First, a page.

‘Where the hell is Eve?!’ Burt shouted, after stumbling downstairs, still sleepdrunk.
He had heard an unusual noise from the backyard. Which had made him decide to walk towards the sound. Which had now resulted in him seeing what it was that made that sound.
It was one of those moments, that simply only ever happened when Eve was to be found somewhere.
Why on earth he would request for her presence was beyond knowledge though, as it wouldn’t help a thing. It wouldn’t help anything, except it being slightly more logical that there appeared to be a cow lying in the backyard, just in front of the sandbox Burt had put there only days ago, to please his son Sammy, who was nearly two years of age.
‘Eve, I think…’Mary-Ann, his wife, wanted to fill Burt in, who was raging with fury by now. His neck had a nice red color. Though Mary-Ann wasn’t nearly as happy with Burt’s rage, she had to admit she liked the particular color that had formed in Burts’ neck.
If it had been a shade in a fabric, she’d most definitely want to wear it.
‘I don’t care!’ Burt shouted. Mary-Ann could have known that. The question of the whereabouts of her daughter, were rhetorical, merely a byproduct of what was important now: how to get rid of this particular cow?
‘It’s just that in moments like this, she feels even less like my daughter’, Burt explained, though it was quite hurtfull.
‘Oh you bastard!’ Mary-Ann cried. That was to be expected.
‘Go take a hike with your ‘she’s not my daughter’!’ she said, “I am going to put the kettle on”.
Now there was a good idea, even Burt thought.
The cow wouldn’t just disappear. It made a rather awful noise, yes, but nothing they could do about it or that, right now.
‘Where’s Thomas and Sammy?’ Burt asked surprisedly, when they sat down to actually drink their tea. He could barely hear himself think with all that mooing. It was like being interrupted by his toddler.
‘I suppose they are still asleep’, Mary-Ann replied, like nothing was different at all just now.
‘How can they be asleep when there’s a massive cow mooing all the way through the neighbourhood?!’ Burt replied, almost disgusted.
Mary-Ann noted a hint of envy.
‘Dearest, just because you awoke from that noise and woke me up, doesn’t change the fact one can shoot a cannonball next to their beds when they’re asleep. You know very well your lovely sons don’t wake up unless it’s time to play’.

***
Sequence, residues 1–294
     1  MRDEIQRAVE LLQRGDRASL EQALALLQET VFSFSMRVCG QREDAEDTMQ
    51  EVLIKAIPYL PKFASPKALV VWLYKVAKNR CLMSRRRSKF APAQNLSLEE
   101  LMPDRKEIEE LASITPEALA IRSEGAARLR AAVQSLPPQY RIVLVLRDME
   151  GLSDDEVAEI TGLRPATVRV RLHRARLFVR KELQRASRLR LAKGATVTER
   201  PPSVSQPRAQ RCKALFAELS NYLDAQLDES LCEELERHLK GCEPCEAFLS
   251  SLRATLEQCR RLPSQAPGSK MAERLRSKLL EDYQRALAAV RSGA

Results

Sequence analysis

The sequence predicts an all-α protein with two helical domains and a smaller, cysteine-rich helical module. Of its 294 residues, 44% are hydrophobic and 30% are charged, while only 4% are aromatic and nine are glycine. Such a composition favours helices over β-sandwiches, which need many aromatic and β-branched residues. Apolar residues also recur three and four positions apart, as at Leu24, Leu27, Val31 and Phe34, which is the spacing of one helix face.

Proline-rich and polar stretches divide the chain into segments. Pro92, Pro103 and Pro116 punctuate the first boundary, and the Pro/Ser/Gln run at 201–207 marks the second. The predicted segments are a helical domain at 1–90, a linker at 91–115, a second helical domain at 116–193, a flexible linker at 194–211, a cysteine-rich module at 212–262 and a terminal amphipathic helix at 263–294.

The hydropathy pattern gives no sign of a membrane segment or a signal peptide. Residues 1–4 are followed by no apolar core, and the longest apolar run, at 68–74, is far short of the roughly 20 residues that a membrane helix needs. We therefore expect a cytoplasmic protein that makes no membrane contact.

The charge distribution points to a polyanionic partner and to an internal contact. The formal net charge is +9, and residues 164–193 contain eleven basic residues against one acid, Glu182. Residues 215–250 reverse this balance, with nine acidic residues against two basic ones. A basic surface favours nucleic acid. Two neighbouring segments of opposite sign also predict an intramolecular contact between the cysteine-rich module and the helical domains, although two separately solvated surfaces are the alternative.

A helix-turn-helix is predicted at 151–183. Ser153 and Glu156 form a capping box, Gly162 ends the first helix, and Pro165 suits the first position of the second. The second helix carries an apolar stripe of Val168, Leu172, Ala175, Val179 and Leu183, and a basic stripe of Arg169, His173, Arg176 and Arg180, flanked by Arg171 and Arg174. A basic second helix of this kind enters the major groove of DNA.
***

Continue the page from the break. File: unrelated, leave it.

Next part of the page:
Burt just looked stunned. A bit jealous, even. That his boys could sleep and not him.
‘I think we should phone the vet’, Mary-Ann said, as she took the cordless and started dialing for information. It took Burt about five minutes to reply, as he was gazing outside the glass backdoor that seperated them from the stoned backyard, which had the moaning cow in it. Neighbours were starting to become curious and gather at the gates of the garden.
Burt tried smiling to them, until he realized they were laughing at him, rather than being polite.
They knew, too, it was Eve’s presence.
He decided not to go out, as he heard Mary-Ann talking to the vet.
‘Ah yes, good idea’, he finally said.
‘…you could be here within the hour? Oh, that would be great!’ she said. Burt just took a sip from his tea. Staring at the cow, and Mrs Johnson, who just climbed over the fence as to comfort the cow.
‘Haha, species finding species’, Burt laughed.
He thought he was allowed a rather offensive joke as the neighbours were so clearly making fun of him and his misery.
‘Come, now we go outside’, Mary-Ann said to Burt. He hadn’t even noticed she’d ended the phonecall.
‘Why, it’s there?’ Burt said, wondering why they should have to go outside while it was very obvious the cow wouldn’t move one bit.
‘Yes, but the vet says we have to keep the cow warm’, Mary-Ann said, picking up a woolen blanket from the couch.
Thomas and Sammy usually played with it and as such, it was never clean. It seemed perfect for this occasion.
‘Well, join Mrs Johnson, who seems to be singing lullaby after lullaby for that cow’, Burt said. He wasn’t lying. Mrs Johnson had a voice like a volcano, and unfortunately not a very pleasant one. Mary-Ann politely joined Mrs Johnson’s presence, holding the blanket. At that point she noticed how windy it was, outside. It had to be, ofcourse. How else would a cow end up in a backyard that wasn’t even close to any farm where there were cows to be found?